We are hours away from the start of a new year and I find myself, like all of you, thinking of this past year.
I am full of gratitude.
By Monday there will be 300,000 of you who receive this publication in your inbox each day. It’s an amazing number.
Even more meaningful than that number is who you are.
You are all over the world—in all 50 states and in more than 30 countries. You are of every political persuasion: conservatives, libertarians, old-school liberals, disenchanted progressives. I think of you—of us—as the coalition of the sane.
It’s your support—your hunger for independent, honest journalism—that has literally made our work possible.
After I blew up my career at the New York Times, I knew I was done with the legacy media—and it was certainly done with me. Six months later, in January 2021, I wrote my first entry for a newsletter. I called it Common Sense.
I figured a few people would sign up, most of them related to me.
I was wrong.
What I didn’t realize was how many of us there were.
There are untold numbers of people who, over the past few years, noticed that what they were reading didn’t reflect what they were seeing with their own eyes. Who were alarmed to discover that the people who were being paid to tell them about the world as it is were instead telling them about the world as they wished it to be.
These people—you—want to be told the truth even when it’s inconvenient to your politics. You are eager for your own perspectives to be challenged. You want to discuss hard things out loud. You want to seek the truth rather than the comfort of a political team or tribe.
It is because of all of you that my little newsletter slowly grew into a 21st-century newsroom.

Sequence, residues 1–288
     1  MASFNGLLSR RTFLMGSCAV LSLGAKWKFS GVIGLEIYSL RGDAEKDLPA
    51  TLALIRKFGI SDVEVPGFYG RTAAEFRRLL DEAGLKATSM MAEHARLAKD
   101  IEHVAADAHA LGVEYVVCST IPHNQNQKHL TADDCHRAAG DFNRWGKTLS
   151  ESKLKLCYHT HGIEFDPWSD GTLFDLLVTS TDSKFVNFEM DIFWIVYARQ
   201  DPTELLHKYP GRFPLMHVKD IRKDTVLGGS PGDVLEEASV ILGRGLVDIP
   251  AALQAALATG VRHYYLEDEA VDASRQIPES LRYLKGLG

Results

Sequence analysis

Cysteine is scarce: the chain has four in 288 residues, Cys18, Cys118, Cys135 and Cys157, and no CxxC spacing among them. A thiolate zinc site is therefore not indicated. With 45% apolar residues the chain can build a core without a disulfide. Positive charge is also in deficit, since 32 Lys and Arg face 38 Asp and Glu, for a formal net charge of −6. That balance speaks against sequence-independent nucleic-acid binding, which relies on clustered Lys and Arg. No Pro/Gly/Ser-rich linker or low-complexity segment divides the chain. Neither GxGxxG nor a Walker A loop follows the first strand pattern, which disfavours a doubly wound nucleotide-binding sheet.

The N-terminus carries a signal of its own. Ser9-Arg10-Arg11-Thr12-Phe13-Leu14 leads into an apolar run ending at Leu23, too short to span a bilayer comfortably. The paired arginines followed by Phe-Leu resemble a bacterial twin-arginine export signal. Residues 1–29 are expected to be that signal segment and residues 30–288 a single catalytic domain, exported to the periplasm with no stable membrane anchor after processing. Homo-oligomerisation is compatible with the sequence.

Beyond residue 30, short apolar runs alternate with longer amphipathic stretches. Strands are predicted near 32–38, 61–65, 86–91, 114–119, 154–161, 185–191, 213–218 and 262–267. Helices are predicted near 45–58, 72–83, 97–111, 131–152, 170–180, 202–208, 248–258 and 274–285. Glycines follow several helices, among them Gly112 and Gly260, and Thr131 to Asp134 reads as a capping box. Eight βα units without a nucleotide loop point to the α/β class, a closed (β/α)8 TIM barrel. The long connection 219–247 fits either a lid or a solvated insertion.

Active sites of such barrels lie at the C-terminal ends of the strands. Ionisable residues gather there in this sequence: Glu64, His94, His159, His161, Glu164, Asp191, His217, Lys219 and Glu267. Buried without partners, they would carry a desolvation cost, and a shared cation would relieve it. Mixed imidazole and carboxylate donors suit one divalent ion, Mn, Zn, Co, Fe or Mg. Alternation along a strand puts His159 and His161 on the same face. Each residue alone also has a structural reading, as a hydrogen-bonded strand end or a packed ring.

Now, we’re a team of full-time editors, reporters, and producers, spread across the country, who regularly break news and drive the conversation. We’ve done it the old-fashioned way: Our growth has been almost entirely word-of-mouth.
Slowly but surely this scrappy team transformed into a sizable start-up. And earlier this month, we gave ourselves a new name: The Free Press.
The Free Press is a media company built on the ideals that were once the bedrock of great American journalism: honesty, doggedness, and fierce independence. We publish investigative stories and provocative commentary about the world as it actually is—with the quality once expected from the legacy press, but with the fearlessness of the new.
We place a special emphasis on subjects and stories that others ignore or misrepresent. We always aim to highlight multiple perspectives on complicated subjects. And we don’t allow ideology to stand in the way of searching for the truth.
We lack some things that traditional newsrooms have. We don’t have fancy headquarters, or an IT department, or a vending machine, though I promise merch is coming.
What we do have are the things that are essential to any newsroom: ambitious journalists, a spirit of collaboration, and devoted readers who support our work. We will be the home—the one address—for the best independent journalism out there.